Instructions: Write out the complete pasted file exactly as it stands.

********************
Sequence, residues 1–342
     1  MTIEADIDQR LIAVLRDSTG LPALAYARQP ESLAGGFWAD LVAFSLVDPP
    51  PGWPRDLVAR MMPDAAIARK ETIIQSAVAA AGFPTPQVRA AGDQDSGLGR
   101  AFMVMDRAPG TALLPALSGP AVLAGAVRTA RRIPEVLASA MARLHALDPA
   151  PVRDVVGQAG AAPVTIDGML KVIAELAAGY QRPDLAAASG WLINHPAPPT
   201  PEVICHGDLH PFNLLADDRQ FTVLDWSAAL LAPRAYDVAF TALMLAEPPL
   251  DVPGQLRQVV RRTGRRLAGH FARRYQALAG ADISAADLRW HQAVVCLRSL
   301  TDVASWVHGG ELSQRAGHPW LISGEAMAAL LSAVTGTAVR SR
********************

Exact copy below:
Sequence, residues 1–342
     1  MTIEADIDQR LIAVLRDSTG LPALAYARQP ESLAGGFWAD LVAFSLVDPP
    51  PGWPRDLVAR MMPDAAIARK ETIIQSAVAA AGFPTPQVRA AGDQDSGLGR
   101  AFMVMDRAPG TALLPALSGP AVLAGAVRTA RRIPEVLASA MARLHALDPA
   151  PVRDVVGQAG AAPVTIDGML KVIAELAAGY QRPDLAAASG WLINHPAPPT
   201  PEVICHGDLH PFNLLADDRQ FTVLDWSAAL LAPRAYDVAF TALMLAEPPL
   251  DVPGQLRQVV RRTGRRLAGH FARRYQALAG ADISAADLRW HQAVVCLRSL
   301  TDVASWVHGG ELSQRAGHPW LISGEAMAAL LSAVTGTAVR SR